Irritable bowel syndrome, or IBS, is a chronic condition affecting the large intestine. Food either moves too slowly or too quickly through the intestines, and although it doesn’t cause damage, it does cause discomfort. You can learn to manage this condition, thus controlling the severity of your symptoms, by making changes to your diet. Just as no two people are alike, no two diets are alike, either.

Recognizing IBS

Before you can treat IBS, you must recognize its symptoms and receive a diagnosis. FamilyDoctor.org explains that in the early stages, your symptoms may indicate another problem. Symptoms include abdominal pain that occurs at least 12 weeks of the year with at least two of the following three characteristics: relief with a bowel movement, a change in the frequency of your bowel movements or a change in the shape or appearance of the stool. For a diagnosis of IBS, you must also have other symptoms such as an uncontrollable urge to have a bowel movement, mucus in your stool, bloating, or difficulty or inability to have a bowel movement, explains the National Digestive Diseases Information Clearinghouse. Signs that your IBS is becoming worse include the appearance of symptoms following a large meal, after consuming caffeinated beverages, dairy products including chocolate milk, wheat or rye, and alcohol.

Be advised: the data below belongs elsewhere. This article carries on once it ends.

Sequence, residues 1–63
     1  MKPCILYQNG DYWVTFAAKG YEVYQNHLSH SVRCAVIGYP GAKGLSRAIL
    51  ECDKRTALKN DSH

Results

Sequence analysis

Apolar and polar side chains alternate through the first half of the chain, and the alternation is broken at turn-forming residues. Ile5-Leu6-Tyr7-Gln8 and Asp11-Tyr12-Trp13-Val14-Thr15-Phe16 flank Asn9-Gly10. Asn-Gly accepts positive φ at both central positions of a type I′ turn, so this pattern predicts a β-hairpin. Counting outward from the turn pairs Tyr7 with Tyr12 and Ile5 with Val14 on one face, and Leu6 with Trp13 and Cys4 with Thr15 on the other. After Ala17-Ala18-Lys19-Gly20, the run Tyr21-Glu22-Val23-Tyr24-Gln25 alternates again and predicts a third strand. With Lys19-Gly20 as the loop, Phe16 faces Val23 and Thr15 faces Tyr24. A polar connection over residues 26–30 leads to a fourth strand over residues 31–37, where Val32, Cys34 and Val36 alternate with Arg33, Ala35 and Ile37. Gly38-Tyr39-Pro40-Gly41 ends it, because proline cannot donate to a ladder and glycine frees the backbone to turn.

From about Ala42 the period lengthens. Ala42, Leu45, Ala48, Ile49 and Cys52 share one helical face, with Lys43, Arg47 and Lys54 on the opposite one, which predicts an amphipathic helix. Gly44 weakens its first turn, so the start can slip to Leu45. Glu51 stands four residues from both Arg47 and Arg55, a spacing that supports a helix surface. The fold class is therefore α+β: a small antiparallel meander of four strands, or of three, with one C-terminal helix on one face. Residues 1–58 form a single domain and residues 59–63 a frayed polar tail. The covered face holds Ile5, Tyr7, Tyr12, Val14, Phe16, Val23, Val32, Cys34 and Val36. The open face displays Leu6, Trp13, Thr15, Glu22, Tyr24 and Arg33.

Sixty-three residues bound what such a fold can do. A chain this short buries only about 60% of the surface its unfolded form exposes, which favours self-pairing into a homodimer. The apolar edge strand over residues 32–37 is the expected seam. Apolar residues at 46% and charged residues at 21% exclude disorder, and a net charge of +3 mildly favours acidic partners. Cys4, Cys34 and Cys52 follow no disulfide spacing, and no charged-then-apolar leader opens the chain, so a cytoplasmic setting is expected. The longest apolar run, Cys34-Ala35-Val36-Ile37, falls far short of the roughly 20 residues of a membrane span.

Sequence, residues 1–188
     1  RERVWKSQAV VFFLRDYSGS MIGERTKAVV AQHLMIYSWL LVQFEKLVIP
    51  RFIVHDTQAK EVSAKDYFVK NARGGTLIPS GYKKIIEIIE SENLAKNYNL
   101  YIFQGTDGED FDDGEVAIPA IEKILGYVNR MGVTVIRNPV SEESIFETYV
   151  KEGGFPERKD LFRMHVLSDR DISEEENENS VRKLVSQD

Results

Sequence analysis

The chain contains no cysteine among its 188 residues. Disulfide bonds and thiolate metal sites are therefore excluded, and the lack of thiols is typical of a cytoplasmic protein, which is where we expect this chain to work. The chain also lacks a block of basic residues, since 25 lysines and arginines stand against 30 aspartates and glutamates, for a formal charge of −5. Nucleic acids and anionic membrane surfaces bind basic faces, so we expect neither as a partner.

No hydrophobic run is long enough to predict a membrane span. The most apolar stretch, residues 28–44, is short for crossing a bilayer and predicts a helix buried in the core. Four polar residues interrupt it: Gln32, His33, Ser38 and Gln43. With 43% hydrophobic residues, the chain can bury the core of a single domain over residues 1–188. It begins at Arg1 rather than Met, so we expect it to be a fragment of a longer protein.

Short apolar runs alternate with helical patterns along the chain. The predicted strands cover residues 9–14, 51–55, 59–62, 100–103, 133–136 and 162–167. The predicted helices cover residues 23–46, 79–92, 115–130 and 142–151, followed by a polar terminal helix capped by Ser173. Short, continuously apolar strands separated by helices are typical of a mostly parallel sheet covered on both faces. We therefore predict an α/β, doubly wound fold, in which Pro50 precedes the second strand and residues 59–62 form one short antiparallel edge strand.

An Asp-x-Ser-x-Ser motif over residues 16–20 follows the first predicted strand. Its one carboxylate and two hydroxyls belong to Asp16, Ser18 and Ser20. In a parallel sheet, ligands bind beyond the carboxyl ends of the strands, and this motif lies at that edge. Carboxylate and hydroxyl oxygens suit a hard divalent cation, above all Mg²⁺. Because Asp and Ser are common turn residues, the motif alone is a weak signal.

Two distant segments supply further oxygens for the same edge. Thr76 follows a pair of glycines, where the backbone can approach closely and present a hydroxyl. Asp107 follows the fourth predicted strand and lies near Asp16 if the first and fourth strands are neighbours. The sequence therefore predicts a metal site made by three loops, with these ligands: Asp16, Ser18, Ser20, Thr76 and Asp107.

Food Diary

You cannot plan your meals until you know what foods trigger or worsen your symptoms. Keep a food diary for one or two weeks. Write down the foods you eat and any symptoms of IBS that follow. Watch for a pattern to develop; if you notice a specific food or foods intensifies the severity of condition, eliminate it from your diet, but only do so if it causes problems more than once. IBSResearchUpdate.org explains that a successful diet for IBS lies in the hands of the individual. Everyone reacts differently to their diet, so no specific diet plan exists.

Your Goal

You want to maintain a healthy, well-balanced diet while avoiding foods that aggravate your symptoms. Fiber, while an important part of your diet, can be problematic. Too much can cause gas, while just the right amount can relieve the constipation from IBS. Fruits, vegetables and whole grains are all high in fiber. IBSResearchUpdate.org states that the recommended amount of fiber consumption is between 20 and 35 g per day, but this may vary with each person. Begin with a small amount each day, gradually increasing your intake. Dairy products are also essential. They contain protein and calcium, but not every person can tolerate them. It may help to consume small amounts of milk with other foods. You can also substitute yogurt for milk. If you are lactose intolerant, choose lactose-free milk. Drink more water than other beverages, and avoid drinks with caffeine, such as soda, coffee and tea, since caffeine can worsen diarrhea.

Sample Menus

The following is a day of low-irritant, well-balanced meals. You may find the need to replace one food for another in the same food group if it is a particular irritant for you. Breakfast may be a high-fiber cereal with skim milk. If lactose intolerant, use a lactose-free product. Eat a banana with your cereal, and enjoy a cup of decaffeinated tea or coffee. Have a turkey sandwich on whole-grain bread for lunch with a cup of yogurt, raw carrots and cup of water. Dinner can consist of lean meat such as chicken or fish with brown rice or whole wheat pasta, accompanied by a serving of vegetables.